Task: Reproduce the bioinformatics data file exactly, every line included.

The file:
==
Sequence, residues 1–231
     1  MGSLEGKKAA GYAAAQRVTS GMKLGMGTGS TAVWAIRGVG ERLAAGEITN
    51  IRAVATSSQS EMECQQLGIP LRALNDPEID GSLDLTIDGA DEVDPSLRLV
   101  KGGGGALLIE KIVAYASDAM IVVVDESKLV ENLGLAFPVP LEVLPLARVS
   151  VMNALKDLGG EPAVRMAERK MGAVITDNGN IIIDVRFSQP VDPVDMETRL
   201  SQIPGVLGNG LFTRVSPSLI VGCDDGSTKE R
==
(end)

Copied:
Sequence, residues 1–231
     1  MGSLEGKKAA GYAAAQRVTS GMKLGMGTGS TAVWAIRGVG ERLAAGEITN
    51  IRAVATSSQS EMECQQLGIP LRALNDPEID GSLDLTIDGA DEVDPSLRLV
   101  KGGGGALLIE KIVAYASDAM IVVVDESKLV ENLGLAFPVP LEVLPLARVS
   151  VMNALKDLGG EPAVRMAERK MGAVITDNGN IIIDVRFSQP VDPVDMETRL
   201  SQIPGVLGNG LFTRVSPSLI VGCDDGSTKE R